- Press X to Not Die: There are several segments called "Duels" where the player must input a specific sequence of buttons to win, and one wrong move results in failure. Unfortunately, most are required to advance in the story. Thankfully, you get infinite tries. Completing the sequence with perfect timing nets you a rare gem attachment for your skill. Or patience.
- Randomly Generated Levels: Every dungeon floor not containing a scripted event or boss battle is randomly generated each time you play it. Sometimes the exit is even located right next to the entrance, although you still need to find the key to get out.
- Redemption Equals Death: One could argue that this applies to one version of Seda.
- Roar Before Beating: Many, many bosses.
- Sealed Evil in a Can: The Dark Genie.
- Sprint Shoes: Dran's feather.
- Squishy Wizard: Ruby.
- Steampunk: Dashes of it.
- Suck Out the Poison: Happens during Ungaga's backstory, when Mikara sucks out the venom after Ungaga is stung by a scorpion.
- Summoning Ritual
- Talking Weapon: Steve, a slingshot you can find for Xiao. He and his ultimate form Super Steve, provide commentary which sometimes lets you know of enemy weaknesses.
- The Computer Is a Cheating Bastard: The Ice Queen, La Saia, can freeze you even if you have an anti-freeze amulet on!
- The End of the World as We Know It: Occurs when the game starts.
- The Faceless: The Moon People look a lot like jawas. One removes its hood late in the game to reveal they are anthropomorphic rabbits.
- Time Travel
- Ripple Effect-Proof Memory: Toan, Phil, and Xiao.
- Stable Time Loop: Twice, mostly the final story dungeon and ending. Time travel Seda kills himself so Toan can travel back to before he unleashed the Dark Genie in an attempt to erase its origin point. Being the personification of hate (it says so itself), it exists outside of time and cannot be vanquished as long as human hatred runs pure (though its definition of "human" seems to include Moon People, i.e. its presence in the bonus dungeon in Chronicle). Despite failing to prevent its release, Toan and his friends are able to seal it back into non-Time Travel Seda. After bringing back Sophia's soul by sacrificing the Atlamillia, Toan and Xiao return to a version of their time line where the Dark Genie was never unsealed. In order for any of this to happen at all, there has to be one instance of Seda who did release the Dark Genie and use the Forbidden Spell to travel forward in time, creating an infinite number of Sedas who both do and don't time travel.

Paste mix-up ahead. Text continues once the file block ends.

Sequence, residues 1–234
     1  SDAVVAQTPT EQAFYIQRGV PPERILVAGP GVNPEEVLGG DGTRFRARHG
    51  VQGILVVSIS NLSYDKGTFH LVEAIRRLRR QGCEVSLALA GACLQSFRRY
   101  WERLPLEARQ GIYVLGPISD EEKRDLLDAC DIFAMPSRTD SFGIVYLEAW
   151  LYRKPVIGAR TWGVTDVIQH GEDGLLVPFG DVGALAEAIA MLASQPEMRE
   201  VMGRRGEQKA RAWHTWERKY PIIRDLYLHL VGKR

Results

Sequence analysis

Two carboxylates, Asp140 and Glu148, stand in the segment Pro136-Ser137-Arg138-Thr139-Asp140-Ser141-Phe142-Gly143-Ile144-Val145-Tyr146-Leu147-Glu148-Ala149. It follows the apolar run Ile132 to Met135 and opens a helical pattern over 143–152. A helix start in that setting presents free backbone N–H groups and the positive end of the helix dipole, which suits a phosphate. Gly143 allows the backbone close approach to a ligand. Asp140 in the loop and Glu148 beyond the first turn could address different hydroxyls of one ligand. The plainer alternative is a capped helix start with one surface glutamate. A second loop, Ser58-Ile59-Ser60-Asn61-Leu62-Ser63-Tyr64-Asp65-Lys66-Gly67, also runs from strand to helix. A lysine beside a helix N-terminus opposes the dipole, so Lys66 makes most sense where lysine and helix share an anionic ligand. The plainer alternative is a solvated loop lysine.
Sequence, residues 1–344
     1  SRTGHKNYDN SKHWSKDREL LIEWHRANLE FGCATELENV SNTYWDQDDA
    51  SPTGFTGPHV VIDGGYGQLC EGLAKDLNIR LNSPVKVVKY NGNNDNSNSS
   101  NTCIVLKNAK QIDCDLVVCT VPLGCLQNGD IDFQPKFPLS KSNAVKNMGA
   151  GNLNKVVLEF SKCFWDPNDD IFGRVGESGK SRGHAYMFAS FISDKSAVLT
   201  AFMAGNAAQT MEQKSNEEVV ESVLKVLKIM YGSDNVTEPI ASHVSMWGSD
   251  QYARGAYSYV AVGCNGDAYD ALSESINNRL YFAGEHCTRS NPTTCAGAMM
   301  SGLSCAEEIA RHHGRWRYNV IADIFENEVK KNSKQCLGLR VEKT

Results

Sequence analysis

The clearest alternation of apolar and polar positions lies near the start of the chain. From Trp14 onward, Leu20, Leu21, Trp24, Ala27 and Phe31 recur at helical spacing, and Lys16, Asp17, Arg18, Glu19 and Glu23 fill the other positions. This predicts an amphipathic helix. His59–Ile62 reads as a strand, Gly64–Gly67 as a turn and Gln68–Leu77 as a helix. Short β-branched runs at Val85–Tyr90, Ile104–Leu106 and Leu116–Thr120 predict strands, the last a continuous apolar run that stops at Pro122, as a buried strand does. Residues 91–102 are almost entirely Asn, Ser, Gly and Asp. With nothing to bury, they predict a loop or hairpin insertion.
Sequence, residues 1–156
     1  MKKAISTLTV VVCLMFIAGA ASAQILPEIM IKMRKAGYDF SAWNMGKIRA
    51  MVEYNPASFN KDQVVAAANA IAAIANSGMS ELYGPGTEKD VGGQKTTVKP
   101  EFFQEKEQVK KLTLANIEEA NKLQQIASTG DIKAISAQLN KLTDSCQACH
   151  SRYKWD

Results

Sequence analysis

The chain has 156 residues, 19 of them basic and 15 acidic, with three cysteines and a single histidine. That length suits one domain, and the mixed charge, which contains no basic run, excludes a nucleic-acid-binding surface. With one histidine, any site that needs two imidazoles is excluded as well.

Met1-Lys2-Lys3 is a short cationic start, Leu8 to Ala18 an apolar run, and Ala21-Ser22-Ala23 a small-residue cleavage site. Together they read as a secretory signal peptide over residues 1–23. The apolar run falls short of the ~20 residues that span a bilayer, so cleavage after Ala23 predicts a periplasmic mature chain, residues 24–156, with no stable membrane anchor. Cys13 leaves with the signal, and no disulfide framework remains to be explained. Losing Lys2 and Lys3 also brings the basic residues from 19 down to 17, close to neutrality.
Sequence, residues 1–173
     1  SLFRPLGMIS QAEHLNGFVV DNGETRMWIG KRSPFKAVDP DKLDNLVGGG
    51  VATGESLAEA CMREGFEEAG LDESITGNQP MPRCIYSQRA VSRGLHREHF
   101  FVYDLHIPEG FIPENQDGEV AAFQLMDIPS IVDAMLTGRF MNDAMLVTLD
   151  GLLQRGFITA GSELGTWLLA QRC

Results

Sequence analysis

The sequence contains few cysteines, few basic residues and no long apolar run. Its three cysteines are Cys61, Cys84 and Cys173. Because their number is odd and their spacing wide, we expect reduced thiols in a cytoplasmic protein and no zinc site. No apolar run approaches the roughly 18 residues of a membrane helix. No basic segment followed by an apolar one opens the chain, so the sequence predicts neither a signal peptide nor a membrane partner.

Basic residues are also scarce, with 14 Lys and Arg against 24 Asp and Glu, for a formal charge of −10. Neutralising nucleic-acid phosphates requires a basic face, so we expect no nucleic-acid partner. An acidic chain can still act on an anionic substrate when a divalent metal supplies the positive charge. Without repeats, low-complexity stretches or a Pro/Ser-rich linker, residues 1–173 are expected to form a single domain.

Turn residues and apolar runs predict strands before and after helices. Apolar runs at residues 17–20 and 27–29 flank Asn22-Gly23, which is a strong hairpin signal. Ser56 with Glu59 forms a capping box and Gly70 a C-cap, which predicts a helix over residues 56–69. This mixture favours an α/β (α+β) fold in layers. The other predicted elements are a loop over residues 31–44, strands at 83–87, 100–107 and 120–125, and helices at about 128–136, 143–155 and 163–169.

- Timey-Wimey Ball: Figuring out how all this history rewriting should have worked, rather than how it actually did, will make your brain explode.
- Unexpected Gameplay Change: Several encounters are represented by a rhythm minigame.
- Unwinnable by Mistake: Possible in Matataki Village. To get past the Level 9 dungeon level here, you need an Odd Tone Flute. To get it, you need to complete Cacao's house. However, it's entirely possible to finish other houses before that, locking the Georama pieces to them permanently. And since you can't get any more Atla because you're stuck at the Level 9 dungeon... well, let's just say you're completely screwed. Moral of the story: don't build ANYTHING until Cacao's house is finished. Placing rivers to revive Treant is fine, though.
- The Unfought: Colonel Flag.
- White Hair, Black Heart: Seda, to the point he has been nicknamed "Sedaroth." The bangs, clothing, facial expression and overall personality helps.
- Witch Species: Humans can learn magic, but witches are defined as not human.
- Wizard Needs Food Badly: The thirst meter.
- Your Days Are Numbered: Goro believes his father, a legendary hunter named Fudoh, was left to die by the rest of the village. Once Toan gives him Fudoh's pendant and he's able to speak to his father, the truth comes out: Fudoh was dying from an incurable disease, but his pride as a hunter wouldn't allow him to die as an invalid. So he went to challenge the Killer Snake, knowing full well he wouldn't survive in his weakened state. The villagers he brought with him as witnesses kept the truth from Goro out of respect, which sadly resulted in him becoming the jerk he is by the time Toan meets him.